World's oldest wooden object soon to be on display in Czechia

7,000-year-old well

A 7,000-year-old well found in Czechia’s Pardubice region six years ago will soon be on display as part of an archaeological exhibition at the Museum of East Bohemia. The wooden well, which has been in the care of restorers for the last few years, is, according to analyses, the oldest wooden man-made object in the world.

The oldest wooden well in Europe | Photo: Regional museum Pardubice

The discovery of the Neolithic well on the site of a planned motorway in 2018 caused much excitement, with experts already suggesting then that it may be the oldest wooden structure ever found in Europe. This was confirmed a couple of years later by dendrochronological and radiocarbon dating analyses, which showed that the prehistoric wooden structure was not only the oldest known such object found in Europe, but indeed anywhere in the world, dating back to 5,256 or 5,255 BCE.

The well uses building techniques that archaeologists had previously assumed had only appeared later, during the Bronze Age, and the level of technical skill is impressive, says restorer Karol Bayer.

“What we found interesting was that they only had very simple stone tools to work with, which they nevertheless managed to use very effectively to create precise shapes. And if we look closer at the surface of the wood, we can see the marks of later additions made by sharp stone objects. It’s fascinating to be able to see the traces of handiwork done by a person who lived 7,000 years ago.”

Restoration of the oldest wooden well in the world | Photo: University of Pardubice

As well as showing that Neolithic people were capable of more sophisticated construction techniques than previously assumed, the well can also provide evidence of what they ate, says archaeologist Tomáš Zavoral.

“We were able to identify various micro-traces of plants and grains. One of the important findings was that we discovered possibly the earliest traces of poppy seed and flax in the Czech Republic.”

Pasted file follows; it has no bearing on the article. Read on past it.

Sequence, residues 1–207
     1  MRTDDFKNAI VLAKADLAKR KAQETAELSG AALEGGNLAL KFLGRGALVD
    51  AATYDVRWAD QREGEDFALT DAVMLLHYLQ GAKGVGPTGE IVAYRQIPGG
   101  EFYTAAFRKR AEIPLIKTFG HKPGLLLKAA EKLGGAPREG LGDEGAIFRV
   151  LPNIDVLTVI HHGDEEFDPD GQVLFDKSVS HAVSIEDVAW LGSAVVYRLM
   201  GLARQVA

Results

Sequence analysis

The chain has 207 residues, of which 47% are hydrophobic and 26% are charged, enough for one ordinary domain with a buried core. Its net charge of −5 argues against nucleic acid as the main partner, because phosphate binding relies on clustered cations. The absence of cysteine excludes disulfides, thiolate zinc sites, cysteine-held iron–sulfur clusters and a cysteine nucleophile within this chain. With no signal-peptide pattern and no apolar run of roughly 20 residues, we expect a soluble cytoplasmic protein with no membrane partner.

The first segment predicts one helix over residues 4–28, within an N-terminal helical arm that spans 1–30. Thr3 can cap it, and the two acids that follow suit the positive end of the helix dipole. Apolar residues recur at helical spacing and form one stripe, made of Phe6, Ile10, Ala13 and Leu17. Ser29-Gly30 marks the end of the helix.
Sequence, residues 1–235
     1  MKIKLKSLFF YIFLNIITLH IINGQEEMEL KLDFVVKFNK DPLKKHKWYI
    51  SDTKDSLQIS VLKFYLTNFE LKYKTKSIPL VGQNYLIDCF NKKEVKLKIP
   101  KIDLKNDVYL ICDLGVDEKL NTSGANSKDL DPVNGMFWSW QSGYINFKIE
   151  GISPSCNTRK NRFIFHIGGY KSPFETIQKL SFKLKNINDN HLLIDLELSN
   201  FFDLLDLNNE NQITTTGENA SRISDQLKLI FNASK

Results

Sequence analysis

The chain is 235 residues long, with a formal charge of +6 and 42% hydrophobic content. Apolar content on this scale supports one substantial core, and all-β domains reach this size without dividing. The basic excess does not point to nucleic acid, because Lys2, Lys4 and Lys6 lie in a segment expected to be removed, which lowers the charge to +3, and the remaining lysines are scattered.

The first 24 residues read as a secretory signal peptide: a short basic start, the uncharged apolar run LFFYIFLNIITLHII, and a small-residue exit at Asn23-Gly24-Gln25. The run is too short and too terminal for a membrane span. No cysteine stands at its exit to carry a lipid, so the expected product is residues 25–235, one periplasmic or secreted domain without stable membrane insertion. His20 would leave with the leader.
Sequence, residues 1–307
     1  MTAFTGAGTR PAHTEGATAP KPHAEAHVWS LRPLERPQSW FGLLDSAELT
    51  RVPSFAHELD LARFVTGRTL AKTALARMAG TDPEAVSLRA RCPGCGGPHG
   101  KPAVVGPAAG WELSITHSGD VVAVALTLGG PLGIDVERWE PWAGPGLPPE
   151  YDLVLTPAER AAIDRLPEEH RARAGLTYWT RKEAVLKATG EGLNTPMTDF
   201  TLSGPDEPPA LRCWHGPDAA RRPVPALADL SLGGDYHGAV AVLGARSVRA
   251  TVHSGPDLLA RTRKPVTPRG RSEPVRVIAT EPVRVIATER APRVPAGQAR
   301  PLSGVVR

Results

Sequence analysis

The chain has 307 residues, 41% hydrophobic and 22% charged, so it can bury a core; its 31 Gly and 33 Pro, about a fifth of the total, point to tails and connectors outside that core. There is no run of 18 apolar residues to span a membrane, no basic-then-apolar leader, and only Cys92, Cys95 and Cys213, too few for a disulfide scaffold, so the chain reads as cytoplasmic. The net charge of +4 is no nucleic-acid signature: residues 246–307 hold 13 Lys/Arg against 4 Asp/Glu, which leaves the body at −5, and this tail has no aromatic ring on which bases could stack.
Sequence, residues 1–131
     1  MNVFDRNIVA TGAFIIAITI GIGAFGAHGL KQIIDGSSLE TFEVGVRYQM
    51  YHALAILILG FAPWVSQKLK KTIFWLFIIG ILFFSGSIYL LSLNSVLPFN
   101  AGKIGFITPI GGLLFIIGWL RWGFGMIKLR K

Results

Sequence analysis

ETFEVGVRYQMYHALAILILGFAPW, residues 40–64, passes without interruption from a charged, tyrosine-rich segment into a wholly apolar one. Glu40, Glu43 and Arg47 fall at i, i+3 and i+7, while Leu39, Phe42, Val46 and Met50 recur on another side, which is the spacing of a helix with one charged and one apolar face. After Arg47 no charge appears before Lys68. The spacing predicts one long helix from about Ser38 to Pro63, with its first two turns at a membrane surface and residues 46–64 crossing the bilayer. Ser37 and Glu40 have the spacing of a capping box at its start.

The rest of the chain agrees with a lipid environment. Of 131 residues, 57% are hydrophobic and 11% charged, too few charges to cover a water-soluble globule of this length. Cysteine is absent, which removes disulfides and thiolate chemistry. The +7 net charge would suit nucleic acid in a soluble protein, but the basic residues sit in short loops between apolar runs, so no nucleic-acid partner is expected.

The excavation of the oak well was itself logistically and technically demanding, and the subsequent restoration and conservation took years of work by five restorers, one of whom was Karol Bayer, vice-dean of Pardubice University’s Faculty of Restoration, who says they were helped by the fact that the well was found in a relatively good condition.

“It was found in an environment where there was very little oxygen and it was protected from water. So the types of bacteria that feed on organic material didn’t have the right conditions to thrive, which allowed it to be preserved for such a long time.”

The excavation site | Photo: Ondřej Wolf,  Czech Radio

After the careful removal of soil residues and treatment with a biocidal agent, the wood was impregnated for 16 months in a sucrose solution, intended to strengthen it and prevent it from shrinking. It was then left to dry for a year.

After this long and careful process, the well was finally moved recently to the depository of the Museum of East Bohemia in Pardubice, where it is now being prepared for an exhibition which should open to the public in early May. Tomáš Libánek, the museum’s director, says the well will be one of several interesting finds on display.

“We discovered a lot of interesting objects and found out lots of fascinating things about this region that we want to showcase. One of the themes of the exhibition will be water, wells, and wooden structures, so this well will obviously be the highlight there.”

Authors: Anna Fodor , Naďa Kubínková | Source: Český rozhlas
run audio